5 Signs That it’s Time to Hire for Your Small Business
Timing is everything in business—including knowing when to bring on a new hire. Hint—it’s often sooner than you think.
When it comes to hiring another employee, it’s absolutely critical to understand your needs and act in a timely manner. Yet as a busy CEO, it can be challenging to keep your staffing levels aligned with your company’s growth goals without overspending your hiring budget.
Knowing when it’s time to hire in order to meet business needs is not easy, but it’s critical to your success.
If you don’t hire quickly enough, the work will start to outpace your capacity and begin to pile up. Hire too early, and you may not have the cash flow you expected, putting your business and the new employee in a tough position.
So how can you strike the right balance? Watch for these five signs that you may be ready to hire more staff.
1. Customer Service Is Slipping
One of the most obvious signs that it’s time to hire is when your level of customer service begins to falter. If clients start calling you about missed deadlines or incomplete tasks, it could be a sign that your team is stretched to the max. Not hiring adequate staff, if it’s gotten to this point, can damage your company’s reputation or result in employee burn out.
Other signs that customer service is suffering include orders going unfulfilled or fulfilled past their due date, or emails and phone calls going unanswered. These red flags indicate that you need to bring someone on board as soon as possible, before your customers become disgruntled and decide to move on.
It’s important to understand the cost of retaining loyal customers versus gaining new ones. While bringing in new customers costs anywhere from five to 25 times the cost of retaining existing ones, a problematic churn rate reflects negatively on the overall health of your business. Churn, the opposite of retention, measures the rate at which customers end their relationship with your organization.
2. Your Employees Are Overwhelmed
Perhaps your business keeps ticking along, but you start to notice increased absenteeism or employee sick days. It might be as simple as hearing from your employees that they’re tired, overworked, and frustrated. However, many employees may be unwilling to admit that they’re overworked for fear of being perceived as not being up to the task.
Assuming your company culture values honesty and open communication, it may be best to just talk to your employees to get a sense of how they are doing. Even if they don’t admit that they’re overwhelmed, you should trust your instincts and regularly take stock of how the workload is being handled by your staff.
After all, an overworked staff will not be able to handle your business needs properly, which could end up costing you more than hiring new employees.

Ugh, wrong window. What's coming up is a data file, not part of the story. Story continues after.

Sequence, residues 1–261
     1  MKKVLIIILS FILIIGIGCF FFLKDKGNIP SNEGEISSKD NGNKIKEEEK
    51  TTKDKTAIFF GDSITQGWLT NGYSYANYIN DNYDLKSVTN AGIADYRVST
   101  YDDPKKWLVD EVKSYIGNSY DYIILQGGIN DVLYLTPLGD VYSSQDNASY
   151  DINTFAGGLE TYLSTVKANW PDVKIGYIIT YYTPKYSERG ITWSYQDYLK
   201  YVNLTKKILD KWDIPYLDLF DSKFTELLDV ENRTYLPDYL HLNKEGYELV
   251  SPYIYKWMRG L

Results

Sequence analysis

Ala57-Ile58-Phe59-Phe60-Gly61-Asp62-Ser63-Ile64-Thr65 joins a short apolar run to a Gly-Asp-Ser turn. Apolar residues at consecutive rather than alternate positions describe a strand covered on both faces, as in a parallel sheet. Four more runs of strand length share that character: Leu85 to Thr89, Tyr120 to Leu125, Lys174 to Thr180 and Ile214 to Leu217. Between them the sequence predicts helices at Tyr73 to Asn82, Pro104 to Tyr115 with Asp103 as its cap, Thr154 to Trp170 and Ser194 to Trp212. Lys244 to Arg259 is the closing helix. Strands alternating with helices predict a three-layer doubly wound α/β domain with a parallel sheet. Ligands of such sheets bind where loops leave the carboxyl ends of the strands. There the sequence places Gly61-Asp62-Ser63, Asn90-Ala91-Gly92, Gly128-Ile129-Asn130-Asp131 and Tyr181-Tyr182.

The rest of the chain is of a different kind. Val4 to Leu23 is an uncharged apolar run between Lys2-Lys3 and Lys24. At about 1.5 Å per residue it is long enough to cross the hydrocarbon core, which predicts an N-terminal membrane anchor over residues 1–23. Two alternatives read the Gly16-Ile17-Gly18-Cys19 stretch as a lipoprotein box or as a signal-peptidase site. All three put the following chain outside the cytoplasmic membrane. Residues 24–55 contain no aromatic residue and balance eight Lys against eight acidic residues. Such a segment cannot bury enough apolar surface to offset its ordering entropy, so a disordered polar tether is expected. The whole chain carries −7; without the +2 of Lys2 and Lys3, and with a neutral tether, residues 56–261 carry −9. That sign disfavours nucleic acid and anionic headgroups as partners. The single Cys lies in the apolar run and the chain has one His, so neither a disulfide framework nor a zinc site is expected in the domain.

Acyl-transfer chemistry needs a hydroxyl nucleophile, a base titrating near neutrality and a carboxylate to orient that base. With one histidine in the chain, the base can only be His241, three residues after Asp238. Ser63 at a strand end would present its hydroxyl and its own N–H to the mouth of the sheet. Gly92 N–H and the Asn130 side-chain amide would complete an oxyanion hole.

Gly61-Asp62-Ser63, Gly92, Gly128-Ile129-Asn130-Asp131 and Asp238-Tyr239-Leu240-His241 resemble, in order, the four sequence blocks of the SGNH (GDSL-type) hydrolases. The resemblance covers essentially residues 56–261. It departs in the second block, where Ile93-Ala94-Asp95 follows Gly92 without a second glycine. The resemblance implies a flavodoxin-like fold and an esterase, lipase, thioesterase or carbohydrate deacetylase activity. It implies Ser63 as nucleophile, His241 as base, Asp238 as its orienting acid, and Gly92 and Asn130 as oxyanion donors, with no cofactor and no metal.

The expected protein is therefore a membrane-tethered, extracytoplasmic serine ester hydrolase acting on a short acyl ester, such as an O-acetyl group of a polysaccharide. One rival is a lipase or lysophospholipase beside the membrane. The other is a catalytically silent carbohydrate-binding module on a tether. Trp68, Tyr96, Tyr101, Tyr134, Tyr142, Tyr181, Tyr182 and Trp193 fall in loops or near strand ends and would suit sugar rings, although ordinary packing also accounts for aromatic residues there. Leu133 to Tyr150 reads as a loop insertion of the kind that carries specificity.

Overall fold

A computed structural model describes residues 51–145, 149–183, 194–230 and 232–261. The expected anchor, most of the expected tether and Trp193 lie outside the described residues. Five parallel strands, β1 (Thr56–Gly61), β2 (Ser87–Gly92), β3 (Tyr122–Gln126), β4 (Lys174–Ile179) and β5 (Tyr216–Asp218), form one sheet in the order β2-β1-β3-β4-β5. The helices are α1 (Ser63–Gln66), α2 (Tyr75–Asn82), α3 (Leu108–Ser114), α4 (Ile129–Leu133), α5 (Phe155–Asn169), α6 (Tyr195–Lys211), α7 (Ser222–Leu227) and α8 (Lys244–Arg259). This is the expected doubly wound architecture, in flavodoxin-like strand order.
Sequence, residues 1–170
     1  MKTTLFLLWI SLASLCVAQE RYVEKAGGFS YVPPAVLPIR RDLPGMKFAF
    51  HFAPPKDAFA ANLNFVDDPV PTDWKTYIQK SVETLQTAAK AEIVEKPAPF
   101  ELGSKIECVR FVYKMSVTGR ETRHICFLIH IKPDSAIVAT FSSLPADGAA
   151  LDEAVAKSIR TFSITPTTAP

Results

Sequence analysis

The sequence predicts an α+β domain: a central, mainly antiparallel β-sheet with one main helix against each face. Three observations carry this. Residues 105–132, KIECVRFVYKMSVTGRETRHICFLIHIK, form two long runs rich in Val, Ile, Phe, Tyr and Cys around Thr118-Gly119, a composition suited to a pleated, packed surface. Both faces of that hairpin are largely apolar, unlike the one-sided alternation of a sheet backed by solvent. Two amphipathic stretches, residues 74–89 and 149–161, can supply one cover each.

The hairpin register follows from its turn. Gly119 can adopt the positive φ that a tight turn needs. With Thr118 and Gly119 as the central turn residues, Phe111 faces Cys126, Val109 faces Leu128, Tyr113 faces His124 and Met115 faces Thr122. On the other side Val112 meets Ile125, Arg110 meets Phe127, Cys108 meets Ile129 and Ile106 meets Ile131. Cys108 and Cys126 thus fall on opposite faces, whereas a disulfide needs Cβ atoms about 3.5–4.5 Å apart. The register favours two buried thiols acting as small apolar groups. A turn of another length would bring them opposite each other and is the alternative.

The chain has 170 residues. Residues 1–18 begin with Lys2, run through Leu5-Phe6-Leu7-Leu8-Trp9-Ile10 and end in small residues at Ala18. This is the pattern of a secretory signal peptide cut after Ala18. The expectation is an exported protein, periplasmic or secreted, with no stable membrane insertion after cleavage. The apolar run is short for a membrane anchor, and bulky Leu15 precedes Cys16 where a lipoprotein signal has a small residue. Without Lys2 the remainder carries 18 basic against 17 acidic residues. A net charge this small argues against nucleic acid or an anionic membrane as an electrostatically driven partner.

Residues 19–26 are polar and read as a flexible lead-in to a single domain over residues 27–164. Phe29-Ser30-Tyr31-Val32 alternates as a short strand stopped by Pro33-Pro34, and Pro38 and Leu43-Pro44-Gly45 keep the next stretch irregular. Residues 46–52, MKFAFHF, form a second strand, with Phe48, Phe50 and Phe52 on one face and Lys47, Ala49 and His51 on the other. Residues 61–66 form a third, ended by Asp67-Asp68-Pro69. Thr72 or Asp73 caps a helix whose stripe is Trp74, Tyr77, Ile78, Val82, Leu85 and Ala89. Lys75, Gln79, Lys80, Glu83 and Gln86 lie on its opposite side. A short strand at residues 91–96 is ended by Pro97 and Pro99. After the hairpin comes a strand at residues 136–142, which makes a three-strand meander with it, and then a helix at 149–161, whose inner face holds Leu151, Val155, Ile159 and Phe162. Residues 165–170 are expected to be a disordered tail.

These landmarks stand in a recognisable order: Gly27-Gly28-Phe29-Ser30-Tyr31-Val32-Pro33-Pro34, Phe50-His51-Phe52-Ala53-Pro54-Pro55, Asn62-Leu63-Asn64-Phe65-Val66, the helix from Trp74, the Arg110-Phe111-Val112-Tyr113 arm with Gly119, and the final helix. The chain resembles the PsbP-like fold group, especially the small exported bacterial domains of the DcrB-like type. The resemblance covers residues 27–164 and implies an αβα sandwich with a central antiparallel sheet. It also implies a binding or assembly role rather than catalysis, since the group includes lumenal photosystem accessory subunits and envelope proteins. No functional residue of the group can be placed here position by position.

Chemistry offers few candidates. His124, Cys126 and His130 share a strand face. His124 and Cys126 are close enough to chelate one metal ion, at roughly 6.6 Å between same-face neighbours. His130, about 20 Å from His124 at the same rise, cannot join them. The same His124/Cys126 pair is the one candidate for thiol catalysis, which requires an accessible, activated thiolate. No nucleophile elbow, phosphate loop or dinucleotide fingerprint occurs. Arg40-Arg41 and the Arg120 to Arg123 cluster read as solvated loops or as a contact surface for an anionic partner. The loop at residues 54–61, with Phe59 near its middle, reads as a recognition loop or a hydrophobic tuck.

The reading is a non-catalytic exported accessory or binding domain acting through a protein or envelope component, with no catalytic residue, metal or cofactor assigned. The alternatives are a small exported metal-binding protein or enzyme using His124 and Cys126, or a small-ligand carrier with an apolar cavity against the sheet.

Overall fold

3. You Find Yourself Saying ‘No’ to New Business
Whether it’s a lucrative market opportunity or a large contract that lands in your lap, new business can be an obvious sign that it’s time to hire. As long as you have a solid business model, hiring new employees to take on new business opportunities should be a win for the organization even if you have upfront costs related to recruiting and onboarding.
On the other hand, there may be special occasions or seasonal events that prompt the need to hire more staff for a limited duration. In these instances, you may want to consider hiring temporary contract work as needed, just be sure you’re aware of the legal considerations that come with hiring temp workers.
4. It’s Time to Bring Some Tasks In-House
As a business that may just be getting its footing as a startup, it can make sense to outsource some tasks rather than hire staff to perform them. But, as your company grows, it may make more sense to bring these tasks back in house.
It may be the case that as your business needs expand, outsourced tasks become more complex and end up costing much more than if you hired in-house employees who are able to focus on these business needs full-time. As an organization’s specific needs and processes become more critical, the learning curve and dedication of in-house employees can be much more effective than outsourced help.
5. High-Value Employees Are Doing Low-Value Work
You may find that you or your higher-paid employees are spending a lot of time on junior-level tasks. If these high-value employees—possibly even yourself—are doing administrative tasks that really should be handed off to someone else, it’s probably time to hire.
A great way to determine whether you’re ready to hire someone new is to start by putting a dollar value on your time. Even if you’re the owner and you’re not paying yourself much of a salary to begin with (perhaps you’re even in significant debt), you should have an understanding of your highest value.
If you’re doing tasks that would cost less for someone else to do, seriously consider delegating them to a new employee. Remember, as a business owner or senior-level manager, time spent doing tasks that could easily be delegated to a new employee is time you’re not spending on higher-level tasks that could help your business grow or innovate.
Is it Time to Hire? Find the Right Fit for Your Business Needs
Running or managing a small business requires wearing a lot of different hats and understanding every facet of your operation. Even when you hire staff and delegate responsibilities, it’s important to stay on top of everything. Get expert advice on recruiting, hiring, and managing your employees, delivered free to your inbox.